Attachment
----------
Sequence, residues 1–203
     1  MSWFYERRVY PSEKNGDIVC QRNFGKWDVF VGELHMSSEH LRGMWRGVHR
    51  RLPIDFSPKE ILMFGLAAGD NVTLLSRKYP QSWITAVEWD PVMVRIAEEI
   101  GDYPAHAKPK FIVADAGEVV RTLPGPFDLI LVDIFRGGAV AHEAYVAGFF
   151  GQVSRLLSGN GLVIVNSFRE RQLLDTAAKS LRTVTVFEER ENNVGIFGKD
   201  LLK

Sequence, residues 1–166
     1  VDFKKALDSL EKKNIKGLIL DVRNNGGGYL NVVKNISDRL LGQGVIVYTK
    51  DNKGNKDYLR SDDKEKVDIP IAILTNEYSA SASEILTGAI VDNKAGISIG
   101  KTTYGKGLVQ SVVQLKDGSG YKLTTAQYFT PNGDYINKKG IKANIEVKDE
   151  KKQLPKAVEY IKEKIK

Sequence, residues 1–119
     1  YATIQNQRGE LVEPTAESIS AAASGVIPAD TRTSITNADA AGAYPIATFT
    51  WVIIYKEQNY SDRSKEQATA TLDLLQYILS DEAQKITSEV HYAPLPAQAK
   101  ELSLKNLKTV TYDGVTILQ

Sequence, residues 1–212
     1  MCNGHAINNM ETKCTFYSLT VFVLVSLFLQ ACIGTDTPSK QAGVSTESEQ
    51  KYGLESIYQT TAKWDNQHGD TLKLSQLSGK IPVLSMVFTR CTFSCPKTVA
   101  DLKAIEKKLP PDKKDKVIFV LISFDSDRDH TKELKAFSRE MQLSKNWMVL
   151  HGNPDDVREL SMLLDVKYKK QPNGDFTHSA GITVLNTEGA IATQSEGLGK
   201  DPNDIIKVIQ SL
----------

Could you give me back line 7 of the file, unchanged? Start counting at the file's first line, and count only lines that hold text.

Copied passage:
Sequence, residues 1–166